First impression in utility fee case

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In a matter of first impression, the Indiana Court of Appeals had to determine whether the Indiana Utility Regulatory Commission properly reviewed the rates and fees charged by a regional sewage district at the request of a campground owner.

LaGrange County Regional Utility District v. Jerry and Sandy Bubb, owners of Gordon's Campground, No. 93A02-0905-EX-442, was the first time a campground owner utilized a 2005 statute that let an owner request the IURC review the fees charged by certain regional utility districts, including regional sewage districts.

Indiana Code Section 13-26-11-2.1 also provides when a request is made, the IURC's appeals division (CAD) will conduct an informal review, including a "prompt and thorough investigation of the dispute."

The Bubbs sent a letter to the IURC in March 2006 asking for a review of rates charged by LaGrange County Regional Utility District. In April, the CAD director informed LaGrange's attorney she would be handling the review and the process would be governed by 170 Administrative Code 8.5-2-5 (the rule). Nearly a year later, the CAD director sent a letter to LaGrange saying it received the complaint from the Bubbs and would conduct an informal review pursuant to statute. LaGrange filed a motion to dismiss in April 2007 because it believed the IURC no longer had jurisdiction over the dispute because it didn't complete the review in a timely manner as required by statute or the rule. The motion was denied and in November 2008, the CAD determined LaGrange overcharged the Bubbs and the utility was ordered to reimburse them the difference between the appropriate rate and the rate paid from March 2006 until the order.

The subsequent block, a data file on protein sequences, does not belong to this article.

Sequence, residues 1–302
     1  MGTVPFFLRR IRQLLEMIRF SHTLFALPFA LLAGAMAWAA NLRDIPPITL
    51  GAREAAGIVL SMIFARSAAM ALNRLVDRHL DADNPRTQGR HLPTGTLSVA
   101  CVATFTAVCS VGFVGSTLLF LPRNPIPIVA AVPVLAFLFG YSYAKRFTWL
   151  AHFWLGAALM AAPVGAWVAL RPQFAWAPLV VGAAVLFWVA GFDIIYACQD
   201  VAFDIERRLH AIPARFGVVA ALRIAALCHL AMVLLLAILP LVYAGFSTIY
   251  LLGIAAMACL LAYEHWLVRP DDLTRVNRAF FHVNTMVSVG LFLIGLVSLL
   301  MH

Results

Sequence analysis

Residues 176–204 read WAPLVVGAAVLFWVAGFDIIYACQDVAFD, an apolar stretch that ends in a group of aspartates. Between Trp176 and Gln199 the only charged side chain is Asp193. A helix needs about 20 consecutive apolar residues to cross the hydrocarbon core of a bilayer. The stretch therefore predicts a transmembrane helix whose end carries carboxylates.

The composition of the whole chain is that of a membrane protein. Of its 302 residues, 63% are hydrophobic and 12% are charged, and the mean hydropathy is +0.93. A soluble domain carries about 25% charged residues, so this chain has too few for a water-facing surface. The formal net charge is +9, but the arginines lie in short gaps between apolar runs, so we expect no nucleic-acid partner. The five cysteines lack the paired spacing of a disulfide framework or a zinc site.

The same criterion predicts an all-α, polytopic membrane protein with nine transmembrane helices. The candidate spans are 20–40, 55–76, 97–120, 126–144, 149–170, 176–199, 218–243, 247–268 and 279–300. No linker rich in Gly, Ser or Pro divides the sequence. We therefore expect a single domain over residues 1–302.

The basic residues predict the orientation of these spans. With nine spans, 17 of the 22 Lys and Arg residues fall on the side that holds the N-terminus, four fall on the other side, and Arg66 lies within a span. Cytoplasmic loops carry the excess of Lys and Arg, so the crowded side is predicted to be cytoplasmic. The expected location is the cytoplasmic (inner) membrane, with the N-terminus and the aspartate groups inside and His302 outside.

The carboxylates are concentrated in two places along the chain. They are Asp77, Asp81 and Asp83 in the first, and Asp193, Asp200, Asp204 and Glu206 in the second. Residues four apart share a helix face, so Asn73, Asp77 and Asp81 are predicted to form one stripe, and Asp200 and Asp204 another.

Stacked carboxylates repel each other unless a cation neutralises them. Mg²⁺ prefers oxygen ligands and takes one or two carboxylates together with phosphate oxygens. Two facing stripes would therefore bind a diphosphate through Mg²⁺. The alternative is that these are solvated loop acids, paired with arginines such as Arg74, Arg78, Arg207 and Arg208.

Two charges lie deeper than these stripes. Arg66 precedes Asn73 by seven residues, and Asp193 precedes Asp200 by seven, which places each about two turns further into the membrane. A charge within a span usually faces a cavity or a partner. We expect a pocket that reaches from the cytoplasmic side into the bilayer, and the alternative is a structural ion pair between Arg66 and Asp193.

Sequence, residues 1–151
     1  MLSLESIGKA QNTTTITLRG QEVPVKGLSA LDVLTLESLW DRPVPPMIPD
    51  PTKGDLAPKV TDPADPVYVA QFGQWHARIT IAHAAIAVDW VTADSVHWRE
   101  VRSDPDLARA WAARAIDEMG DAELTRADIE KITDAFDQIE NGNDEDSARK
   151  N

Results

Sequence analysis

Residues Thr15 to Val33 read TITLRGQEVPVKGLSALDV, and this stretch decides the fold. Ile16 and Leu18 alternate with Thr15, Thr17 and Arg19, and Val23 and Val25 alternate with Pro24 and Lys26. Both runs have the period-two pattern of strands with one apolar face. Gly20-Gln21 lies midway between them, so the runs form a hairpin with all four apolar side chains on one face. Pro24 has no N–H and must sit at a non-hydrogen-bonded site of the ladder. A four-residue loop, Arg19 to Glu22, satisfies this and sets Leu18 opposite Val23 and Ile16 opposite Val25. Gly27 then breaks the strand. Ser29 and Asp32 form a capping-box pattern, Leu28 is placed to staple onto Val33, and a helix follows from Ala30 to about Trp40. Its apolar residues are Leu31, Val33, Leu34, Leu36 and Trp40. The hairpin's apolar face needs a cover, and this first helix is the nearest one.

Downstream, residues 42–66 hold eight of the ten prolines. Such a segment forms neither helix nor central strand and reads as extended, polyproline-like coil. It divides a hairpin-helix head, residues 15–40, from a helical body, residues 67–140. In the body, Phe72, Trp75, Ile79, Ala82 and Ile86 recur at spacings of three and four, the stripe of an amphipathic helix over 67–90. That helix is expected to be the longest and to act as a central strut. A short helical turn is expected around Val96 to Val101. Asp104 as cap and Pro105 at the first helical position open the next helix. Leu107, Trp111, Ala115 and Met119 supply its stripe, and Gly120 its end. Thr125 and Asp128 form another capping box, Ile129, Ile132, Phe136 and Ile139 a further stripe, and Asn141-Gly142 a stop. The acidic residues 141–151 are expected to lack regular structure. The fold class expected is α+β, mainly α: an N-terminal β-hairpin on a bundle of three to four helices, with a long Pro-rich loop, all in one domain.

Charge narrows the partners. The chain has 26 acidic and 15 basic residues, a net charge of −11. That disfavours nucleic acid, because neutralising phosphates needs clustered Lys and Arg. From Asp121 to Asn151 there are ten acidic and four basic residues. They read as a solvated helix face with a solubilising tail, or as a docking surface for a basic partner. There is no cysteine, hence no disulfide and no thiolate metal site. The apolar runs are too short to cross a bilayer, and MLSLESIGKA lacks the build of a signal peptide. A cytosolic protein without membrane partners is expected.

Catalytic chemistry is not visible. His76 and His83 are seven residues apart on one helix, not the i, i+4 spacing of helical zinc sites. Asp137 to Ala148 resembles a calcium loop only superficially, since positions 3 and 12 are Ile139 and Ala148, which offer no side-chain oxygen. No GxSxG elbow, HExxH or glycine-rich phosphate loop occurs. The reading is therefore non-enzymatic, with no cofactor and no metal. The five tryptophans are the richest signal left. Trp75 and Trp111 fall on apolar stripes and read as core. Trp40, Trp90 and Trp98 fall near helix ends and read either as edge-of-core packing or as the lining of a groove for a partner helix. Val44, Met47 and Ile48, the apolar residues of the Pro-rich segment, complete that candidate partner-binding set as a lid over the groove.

On appeal, LaGrange again argued IURC lost jurisdiction because it didn't act in a timely matter pursuant to statute and the rule. The Court of Appeals determined the rule, which specified the timeframe of a review, didn't apply to the IURC because it failed to adopt the rule. Even though the CAD director originally told LaGrange's attorney the rule would apply, the IURC isn't estopped from arguing the rule is inapplicable. LaGrange failed to show it detrimentally relied on the director's statement, wrote Chief Judge John Baker.

The Court of Appeals also found the CAD review and disposition was conducted in a timely manner pursuant to the statute. Even though the dispute could have been handled more quickly than 32 months after the Bubbs originally filed the complaint, there is no specific timeframe within the statute in which the CAD must investigate a complaint and issue an informal disposition. The statute doesn't also say the IURC loses jurisdiction if the CAD fails to resolve the dispute in a timely manner, wrote the chief judge.

The appellate court relied on Hancock County Rural Elec. Membership Corp. v. City of Greenfield, 494 N.E.2d 1294, 1295 (Ind. Ct. App. 1986), because the statutes in either case don't contain language that restrains the IURC from acting if the CAD fails to conduct a prompt investigation, wrote Chief Judge Baker. Also, the statute in the instant case doesn't provide for an adverse consequence or say that the IURC loses jurisdiction if the CAD doesn't conduct a prompt investigation.

If the IURC lost jurisdiction because the CAD failed to complete a timely investigation, that would frustrate the purpose of the statute, he continued. If the IURC was without jurisdiction in the instant case, then the Bubbs would have no recourse to recover the excessive fees.